New York State Seal
STATE OF NEW YORK
INSURANCE DEPARTMENT
25 BEAVER STREET
NEW YORK, NEW YORK 10004

Eliot Spitzer
Governor

Eric R. Dinallo
Superintendent

The Office of General Counsel issued the following opinion on October 18, 2007 representing the position of the New York State Insurance Department.

Re: Method of insurance fraud investigation questioned by a private investigator licensed by the Department of State

Question Presented:

Is there anything in the Insurance Law or regulations promulgated thereunder that governs the conduct of a licensed private investigator, when the private investigator is working on behalf of an insurer?

Conclusion:

No. Private investigators are licensed by the Division of Licensing of the New York State Department of State (hereinafter, "Department of State"), not the Insurance Department. Absent an allegation of wrongful conduct by a licensee of the Insurance Department, the Department of State would be the proper regulator for pursuing the inquirer’s complaint.

Facts:

The inquirer reports that as a licensed private investigator, he worked on a contract basis for a licensed private investigative agency (hereinafter, "agency"). The inquirer reports that he terminated that relationship because the agency directed him to investigate, through the use of a pretext, the medical condition and level of activity/disability of an insured claimant who was represented by an attorney. The inquirer does not report that an insurer required or had knowledge of the agency's direction to him regarding the investigation of an insured claimant. The inquirer requests that the Insurance Department's Office of General Counsel opine on whether the reported activity between he and the agency is contrary to law or ethics.

Analysis:

The Insurance Department regulates insurance fraud pursuant to Article 4 of the Insurance Law, and N.Y. Comp. Codes R. & Regs. tit. 11, Part 86 (2003) (Regulation 95). Insurance Law § 409(a) provides that an insurer writing specified minimum number of policies of certain types of insurance must implement a fraud detection, investigation and prevention plan. That provision states in pertinent part:

(a) Every insurer writing private or commercial automobile insurance, workers' compensation insurance, or individual, group or blanket accident and health insurance policies issued or issued for delivery in this state, except for insurers that write less than three thousand of such policies, issued or issued for delivery in this state annually . . . shall . . . file with the superintendent a plan for the detection, investigation and prevention of fraudulent insurance activities affecting policies issued or issued for delivery in this state . . . .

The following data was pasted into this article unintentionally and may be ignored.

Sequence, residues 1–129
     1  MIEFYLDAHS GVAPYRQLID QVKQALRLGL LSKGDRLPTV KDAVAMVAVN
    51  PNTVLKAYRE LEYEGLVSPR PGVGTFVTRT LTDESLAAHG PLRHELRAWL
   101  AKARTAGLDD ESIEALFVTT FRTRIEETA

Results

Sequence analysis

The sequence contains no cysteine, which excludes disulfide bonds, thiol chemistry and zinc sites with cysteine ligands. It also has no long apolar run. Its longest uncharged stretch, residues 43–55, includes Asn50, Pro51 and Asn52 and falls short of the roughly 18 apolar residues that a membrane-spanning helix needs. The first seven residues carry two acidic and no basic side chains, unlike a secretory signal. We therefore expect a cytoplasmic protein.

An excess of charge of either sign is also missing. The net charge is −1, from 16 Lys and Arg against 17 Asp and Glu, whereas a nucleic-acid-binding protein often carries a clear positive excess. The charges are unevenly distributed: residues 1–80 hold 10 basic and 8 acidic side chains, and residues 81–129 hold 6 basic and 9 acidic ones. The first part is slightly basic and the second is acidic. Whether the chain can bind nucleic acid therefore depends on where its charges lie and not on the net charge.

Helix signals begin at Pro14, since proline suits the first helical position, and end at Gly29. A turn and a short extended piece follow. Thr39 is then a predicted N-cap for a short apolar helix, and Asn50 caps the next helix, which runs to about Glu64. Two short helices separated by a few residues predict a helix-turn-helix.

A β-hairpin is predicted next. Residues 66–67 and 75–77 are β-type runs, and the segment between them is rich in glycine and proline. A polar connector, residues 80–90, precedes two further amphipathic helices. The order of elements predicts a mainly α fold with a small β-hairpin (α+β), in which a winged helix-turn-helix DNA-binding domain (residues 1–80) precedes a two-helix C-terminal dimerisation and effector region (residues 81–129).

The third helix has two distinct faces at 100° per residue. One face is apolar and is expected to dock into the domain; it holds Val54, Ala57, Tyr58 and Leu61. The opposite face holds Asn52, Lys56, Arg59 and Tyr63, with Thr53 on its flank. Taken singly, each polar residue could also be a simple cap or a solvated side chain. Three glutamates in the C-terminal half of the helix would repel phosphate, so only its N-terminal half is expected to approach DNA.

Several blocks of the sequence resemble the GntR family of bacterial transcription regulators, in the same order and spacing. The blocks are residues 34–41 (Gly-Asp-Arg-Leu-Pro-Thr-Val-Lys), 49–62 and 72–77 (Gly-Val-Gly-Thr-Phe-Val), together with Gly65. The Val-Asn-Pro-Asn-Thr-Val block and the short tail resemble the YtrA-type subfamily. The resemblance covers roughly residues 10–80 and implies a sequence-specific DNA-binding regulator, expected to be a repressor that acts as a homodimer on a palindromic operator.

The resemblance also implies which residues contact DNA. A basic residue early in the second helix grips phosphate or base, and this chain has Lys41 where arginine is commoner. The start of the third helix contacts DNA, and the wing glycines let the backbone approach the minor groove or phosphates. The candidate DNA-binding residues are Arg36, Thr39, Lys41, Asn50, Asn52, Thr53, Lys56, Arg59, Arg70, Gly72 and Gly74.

Pursuant to Insurance Law § 409(g), an insurer that is required to file a fraud prevention plan with the Superintendent "shall report to the superintendent on an annual basis . . . describing the insurer's experience, performance and cost effectiveness in implementing the plan, utilizing such forms as the superintendent may prescribe." 11 NYCRR § 86.6(d), which contains similar language, also states: "The report shall be reviewed and signed by an executive officer of the insurer responsible for the operations of the Special Investigations Unit."

Insurance Law § 409(b)(2) permits an insurer to contract with a qualified outside provider of services to implement the requirement that the insurer investigate insurance fraud. If there is such a contract, then Insurance Law § 409(b)(2) states in pertinent part that the insurer "shall provide the superintendent with a detailed [fraud prevention] plan therefor, pursuant to requirements set forth in regulation by the superintendent." 11 NYCRR § 86.6(b)(1), which implements this requirement, does not specify what precisely personnel of a qualified outside provider of services may or may not do in the course of their employment to implement an insurer's fraud prevention plan.

If the outside investigative agency were engaged in illegal activity at the direction of an insurer, with the insurer's knowledge, or in a circumstance where the insurer failed to properly oversee the situation, then the insurer may be subject to disciplinary action pursuant to the Insurance Law. The inquirer’s inquiry does not suggest that any investigatory procedures about which he asks were to be performed at the direction of, or with the knowledge of, an insurer.

Since the Insurance Department does not directly license or regulate private investigators, this agency will not, in the first instance, undertake an investigation into whether the investigative agency was acting improperly. Because the inquirer is a licensed private investigator, and because the inquirer was employed by a private investigative agency, the inquirer may wish to pursue his inquiry with the Division of Licensing of the Department of State. Article 7 of the New York General Business Law (McKinney 2004) sets forth the statutory authority for the Department of State to regulate private investigators and private investigative agencies.

For further information, you may contact Senior Attorney Robert Freedman at the New York City office.